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Officials: CO alarms needed in structures

November 24, 2012

While smoke detectors are a common fixture in residences, there is another hazard to be considered to be considered for people who use gas to keep their houses warm when the weather turns cold: carbon monoxide.

According to the United States Consumer Product Safety Administration, approximately 170 people in the country die each year from carbon monoxide poisoning.

Residents in the city and county found out the importance of having carbon monoxide detectors when they called their respective fire departments to find out why theirs were continuously going off. In each instance it was no accident: the residences had high amounts of the poisonous gas.

Starkville Fire Chief Rodger Mann said city firemen recently responded to a call from an individual and used a carbon monoxide meter to determine there were approximately 127 parts per million in the air inside his residence.

“Usually 30 (parts per million) is where we want you to look at not staying (in the residence),” Mann said. “He called someone with a different detector and that wound up pegging out at 121, so he had a true problem. We advised him he had a problem in his home creating carbon monoxide and needed to leave home until he had it checked out by a professional to identify the problem.”

Oktibbeha County Fire Services Coordinator Kirk Rosenhan said a similar problem was reported in the county.

“County Fire Department members responded and with their meter were able to determine where the CO was being produced. Luckily the residents had not yet experienced any symptoms of carbon monoxide poisoning,” Rosenhan said. “However, had the gas continued to be produced and the residents had gone to bed, the outcome could have been quite different.”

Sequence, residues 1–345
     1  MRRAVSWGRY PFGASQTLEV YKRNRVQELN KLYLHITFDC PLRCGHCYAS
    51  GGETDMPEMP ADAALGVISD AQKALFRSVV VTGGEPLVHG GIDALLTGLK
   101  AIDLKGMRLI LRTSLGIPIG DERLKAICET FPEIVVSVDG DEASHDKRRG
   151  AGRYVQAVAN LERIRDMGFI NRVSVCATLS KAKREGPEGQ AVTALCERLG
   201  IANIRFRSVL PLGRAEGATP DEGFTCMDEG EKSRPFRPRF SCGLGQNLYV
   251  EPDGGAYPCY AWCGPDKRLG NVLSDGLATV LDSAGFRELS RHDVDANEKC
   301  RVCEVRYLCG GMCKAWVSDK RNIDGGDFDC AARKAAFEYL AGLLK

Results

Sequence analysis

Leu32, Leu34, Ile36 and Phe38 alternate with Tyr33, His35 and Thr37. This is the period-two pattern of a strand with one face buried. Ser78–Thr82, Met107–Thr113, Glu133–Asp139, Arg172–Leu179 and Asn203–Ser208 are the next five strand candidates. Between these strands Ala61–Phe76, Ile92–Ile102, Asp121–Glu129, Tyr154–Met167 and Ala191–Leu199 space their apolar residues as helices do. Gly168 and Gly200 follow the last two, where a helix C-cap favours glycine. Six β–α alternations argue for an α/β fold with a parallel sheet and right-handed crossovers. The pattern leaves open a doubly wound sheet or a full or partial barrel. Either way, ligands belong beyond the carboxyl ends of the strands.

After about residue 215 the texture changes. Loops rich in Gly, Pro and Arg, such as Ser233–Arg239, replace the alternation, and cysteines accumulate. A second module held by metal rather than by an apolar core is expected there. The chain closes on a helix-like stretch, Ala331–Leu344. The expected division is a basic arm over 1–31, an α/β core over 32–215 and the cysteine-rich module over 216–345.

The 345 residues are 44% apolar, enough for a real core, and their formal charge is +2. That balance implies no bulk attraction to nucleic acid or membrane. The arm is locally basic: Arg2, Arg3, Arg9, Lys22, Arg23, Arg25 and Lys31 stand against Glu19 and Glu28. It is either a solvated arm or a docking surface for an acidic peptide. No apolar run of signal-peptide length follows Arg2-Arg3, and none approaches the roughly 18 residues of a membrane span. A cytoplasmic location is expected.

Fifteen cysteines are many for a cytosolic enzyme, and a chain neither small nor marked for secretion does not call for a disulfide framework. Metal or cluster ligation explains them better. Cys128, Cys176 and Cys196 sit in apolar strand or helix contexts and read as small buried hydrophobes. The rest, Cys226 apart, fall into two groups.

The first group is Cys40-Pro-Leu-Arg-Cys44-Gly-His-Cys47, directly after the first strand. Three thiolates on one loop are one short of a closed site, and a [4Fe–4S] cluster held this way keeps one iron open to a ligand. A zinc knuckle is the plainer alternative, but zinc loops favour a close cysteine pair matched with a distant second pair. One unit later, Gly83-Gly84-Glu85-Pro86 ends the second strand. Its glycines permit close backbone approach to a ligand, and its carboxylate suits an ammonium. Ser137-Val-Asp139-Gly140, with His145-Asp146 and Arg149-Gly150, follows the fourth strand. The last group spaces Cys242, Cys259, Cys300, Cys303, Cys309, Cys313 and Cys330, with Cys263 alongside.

Rosenhan said common symptoms of carbon monoxide poisoning are headaches, malaise, sleepiness and reddish cheeks.

“Carbon monoxide is an insidious gas produced by the incomplete combustion of gases. It is a tasteless, odorless gas which affects the ability of the blood to absorb oxygen,” Rosenhan said. “People should not hesitate to call the fire department, emergency management services or the gas company if they experience symptoms of poisoning or think any of their appliances are malfunctioning.”

Rosenhan said carbon monoxide attaches itself to hemoglobin, causing hemoglobin count to decrease.

“It takes a finite amount of time for carbon monoxide to disassociate itself with hemoglobin.”

“Carbon monoxide puts you in a deep sleep,” Mann added. “It is an asphyxiant which robs the air of the oxygen in it and, basically, you just suffocate. The bad thing is it puts you in a deep sleep and you don’t realize anything is even happening.”

Rosenhan said any homes containing water heaters powered by gas or heating systems powered by gas or gas logs must have a carbon dioxide detector. Even homes without any of those systems could also use one, he said.

“Having a carbon monoxide detector would be good, period, because smoke from fires generates carbon monoxide as well,” he said.

Rosenhan said the typical price range for a battery powered or AC powered detector is anywhere from $15-60.

“Now is the time of year when all this begins to get more prevalent in our lives because of the need to keep houses warm,” Mann said. “It’s a good time for people to be more aware and conscious of what’s going on.”

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